Josef Koudelka
[Photographer, b. 1938, Biskovice, Moravia, Czechoslovakia, lives in Paris.]

 When I first started to take photographs in Czechoslovakia, I met this old gentleman, this old photographer, who told me a few practical things. One of the things he said was, “Josef, a photographer works on the subject, but the subject works on the photographer.” 

Berenice Abbott
[Photographer, writer, teacher, b. 1898, Springfield, Ohio, d. 1991, Monson, Maine.]

 There are many teachers who could ruin you. Before you know it you could be a pale copy of this teacher or that teacher. You have to evolve on your own. 

Bettina Rheims
[Photographer, b. 1952, Neuilly-sur-Seine, France, lives in Paris.]

 I think that I first started to shoot naked women because I wanted my father to look at my images and father liked very pretty women. 

Larry Clark
[Photographer and filmmaker, b. 1943, Tulsa, Oklahoma, lives in New York.]

 [Eugene Smith] was always writing these diatribes about truth, and how he wanted to tell the truth, the truth, the truth. It was a real rebel position. It was kind of like a teenager’s position: why can’t things be like they should be? Why can’t I do what I want? I latched on to that philosophy. One day I snapped, hey, you know, I know a story that no one’s ever told, never seen, and I’ve lived it. It’s my own story and my friends’ story.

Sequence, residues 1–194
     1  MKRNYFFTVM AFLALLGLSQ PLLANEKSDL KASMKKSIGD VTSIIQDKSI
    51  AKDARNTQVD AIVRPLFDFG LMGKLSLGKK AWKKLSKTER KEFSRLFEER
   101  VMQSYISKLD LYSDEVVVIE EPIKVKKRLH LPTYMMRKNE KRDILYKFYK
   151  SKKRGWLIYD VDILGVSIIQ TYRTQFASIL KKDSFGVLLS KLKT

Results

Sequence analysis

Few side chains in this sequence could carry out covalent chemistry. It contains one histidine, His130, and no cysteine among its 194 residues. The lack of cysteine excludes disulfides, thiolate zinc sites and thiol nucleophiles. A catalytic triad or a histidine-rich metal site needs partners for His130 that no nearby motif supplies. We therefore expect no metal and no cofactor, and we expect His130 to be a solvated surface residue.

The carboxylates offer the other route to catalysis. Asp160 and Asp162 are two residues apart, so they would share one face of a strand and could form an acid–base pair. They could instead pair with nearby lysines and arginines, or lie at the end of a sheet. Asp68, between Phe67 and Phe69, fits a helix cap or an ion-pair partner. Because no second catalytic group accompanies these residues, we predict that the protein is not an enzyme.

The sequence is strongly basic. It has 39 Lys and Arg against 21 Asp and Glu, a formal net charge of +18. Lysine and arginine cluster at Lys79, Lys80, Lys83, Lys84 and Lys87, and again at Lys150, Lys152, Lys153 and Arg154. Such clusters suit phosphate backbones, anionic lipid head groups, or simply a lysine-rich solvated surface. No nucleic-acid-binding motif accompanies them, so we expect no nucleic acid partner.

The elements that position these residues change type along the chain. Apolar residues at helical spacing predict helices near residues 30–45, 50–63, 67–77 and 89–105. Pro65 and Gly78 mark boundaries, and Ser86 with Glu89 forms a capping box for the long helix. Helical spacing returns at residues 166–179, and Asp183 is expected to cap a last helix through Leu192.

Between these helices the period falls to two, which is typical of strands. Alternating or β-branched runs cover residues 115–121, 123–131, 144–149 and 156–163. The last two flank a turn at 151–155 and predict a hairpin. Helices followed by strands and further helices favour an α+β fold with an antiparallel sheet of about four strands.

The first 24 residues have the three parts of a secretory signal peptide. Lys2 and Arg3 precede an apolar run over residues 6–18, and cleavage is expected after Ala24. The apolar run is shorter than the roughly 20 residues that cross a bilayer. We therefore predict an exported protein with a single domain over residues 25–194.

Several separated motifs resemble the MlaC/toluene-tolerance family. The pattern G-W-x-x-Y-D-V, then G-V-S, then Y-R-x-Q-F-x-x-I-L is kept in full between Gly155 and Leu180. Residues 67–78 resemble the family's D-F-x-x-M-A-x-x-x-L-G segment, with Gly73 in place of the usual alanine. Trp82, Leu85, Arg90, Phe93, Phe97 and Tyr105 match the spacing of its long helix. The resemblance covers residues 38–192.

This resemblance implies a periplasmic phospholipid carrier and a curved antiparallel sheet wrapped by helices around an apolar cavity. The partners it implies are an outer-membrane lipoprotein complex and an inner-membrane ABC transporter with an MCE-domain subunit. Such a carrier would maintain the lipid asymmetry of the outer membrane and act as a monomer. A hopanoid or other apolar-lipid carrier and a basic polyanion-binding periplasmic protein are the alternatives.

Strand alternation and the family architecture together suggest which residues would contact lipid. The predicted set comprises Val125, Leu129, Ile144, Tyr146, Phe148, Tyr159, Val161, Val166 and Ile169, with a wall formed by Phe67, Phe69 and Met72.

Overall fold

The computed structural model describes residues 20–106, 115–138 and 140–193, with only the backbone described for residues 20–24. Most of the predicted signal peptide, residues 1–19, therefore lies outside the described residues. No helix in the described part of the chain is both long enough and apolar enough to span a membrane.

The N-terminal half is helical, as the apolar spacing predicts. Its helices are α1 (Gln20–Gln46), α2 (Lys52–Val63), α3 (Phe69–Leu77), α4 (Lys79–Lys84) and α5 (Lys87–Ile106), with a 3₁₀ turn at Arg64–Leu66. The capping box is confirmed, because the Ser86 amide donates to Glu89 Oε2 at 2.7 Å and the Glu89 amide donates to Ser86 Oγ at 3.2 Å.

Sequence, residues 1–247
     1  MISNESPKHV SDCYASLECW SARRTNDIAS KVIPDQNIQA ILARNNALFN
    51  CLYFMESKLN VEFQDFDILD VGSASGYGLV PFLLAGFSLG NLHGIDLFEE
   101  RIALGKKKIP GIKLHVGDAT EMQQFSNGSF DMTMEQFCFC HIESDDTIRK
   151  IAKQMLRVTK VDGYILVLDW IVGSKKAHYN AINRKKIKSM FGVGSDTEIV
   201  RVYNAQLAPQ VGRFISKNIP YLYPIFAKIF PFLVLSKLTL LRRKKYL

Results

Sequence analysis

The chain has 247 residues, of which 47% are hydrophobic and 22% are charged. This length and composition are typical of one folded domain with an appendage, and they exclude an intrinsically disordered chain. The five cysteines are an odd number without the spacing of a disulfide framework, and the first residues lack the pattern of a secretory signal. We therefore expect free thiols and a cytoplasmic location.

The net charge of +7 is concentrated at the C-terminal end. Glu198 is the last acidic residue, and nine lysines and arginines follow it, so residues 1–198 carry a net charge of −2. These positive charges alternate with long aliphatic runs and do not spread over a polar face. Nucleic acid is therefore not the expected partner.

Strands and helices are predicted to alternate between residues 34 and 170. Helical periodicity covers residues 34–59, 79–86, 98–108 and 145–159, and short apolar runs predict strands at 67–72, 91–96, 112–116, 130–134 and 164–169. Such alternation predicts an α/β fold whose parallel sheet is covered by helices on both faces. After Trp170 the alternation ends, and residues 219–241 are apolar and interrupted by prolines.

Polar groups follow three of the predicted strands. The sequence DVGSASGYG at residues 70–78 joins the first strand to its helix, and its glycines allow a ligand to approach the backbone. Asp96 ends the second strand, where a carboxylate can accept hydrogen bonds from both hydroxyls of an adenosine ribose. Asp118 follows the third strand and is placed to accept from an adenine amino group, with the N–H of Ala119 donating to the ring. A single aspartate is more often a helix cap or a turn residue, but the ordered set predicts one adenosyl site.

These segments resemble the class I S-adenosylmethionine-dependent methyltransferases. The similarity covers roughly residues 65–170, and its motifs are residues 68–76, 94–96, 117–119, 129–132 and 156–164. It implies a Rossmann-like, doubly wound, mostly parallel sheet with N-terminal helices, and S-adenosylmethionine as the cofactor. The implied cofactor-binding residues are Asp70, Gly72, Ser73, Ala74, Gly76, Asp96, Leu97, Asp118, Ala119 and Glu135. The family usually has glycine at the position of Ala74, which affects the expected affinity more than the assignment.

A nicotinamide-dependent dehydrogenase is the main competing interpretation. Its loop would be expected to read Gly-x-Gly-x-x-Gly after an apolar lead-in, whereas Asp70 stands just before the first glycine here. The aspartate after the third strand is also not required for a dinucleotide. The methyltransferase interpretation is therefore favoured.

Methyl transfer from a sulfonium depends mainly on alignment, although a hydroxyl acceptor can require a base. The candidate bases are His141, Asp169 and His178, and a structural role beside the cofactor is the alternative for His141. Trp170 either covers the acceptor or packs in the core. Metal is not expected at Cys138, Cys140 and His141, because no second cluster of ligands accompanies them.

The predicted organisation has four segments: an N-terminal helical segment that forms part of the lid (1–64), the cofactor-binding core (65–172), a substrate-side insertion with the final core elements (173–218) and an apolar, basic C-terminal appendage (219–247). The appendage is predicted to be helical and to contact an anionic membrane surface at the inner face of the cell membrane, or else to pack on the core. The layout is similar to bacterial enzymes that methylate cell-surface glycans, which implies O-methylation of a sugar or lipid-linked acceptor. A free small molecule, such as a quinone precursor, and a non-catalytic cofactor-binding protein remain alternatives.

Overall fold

Alec Soth
[Photographer, b. 1969, Minneapolis, Minnesota, lives in Saint Paul, Minnesota.]

 Photography is a language. To communicate, you need to learn the language. The history of photography is like the vocabulary and influence is like a dialect. One shouldn’t be embarrassed about having an accent. 

Jeff Wall
[Photographer, b. 1946, Vancouver, Canada, lives in Vancouver.]

 ...electronic image traffic has become present in the relation between the photographer and the picture he or she sees in a viewfinder. 

Gordon Parks
[Photographer and filmmaker, b. 1912, Fort Scott, Kansas, d. 2006, New York.]

 I was born to a black childhood of confusion and poverty. The memory of that beginning influences my work today, It is impossible now to photograph a hungry child without remembering the hunger of my old childhood. 

Paul Strand
[Photographer, b. 1890, New York, d. 1976, Oregeval, France.]

 Your photography is a record of your living, for anyone who really sees. You may see and be affected by other people’s ways, you may even use them to find your own, but you will eventually have to free yourself of them. That is what Nietzsche meant when he said, “I have just read Schopenhauer, now I have to get rid of him.” He knew how insidious other people’s ways could be, particularly those which have the forcefulness of profound experience, if you let them get between you and your own vision. 
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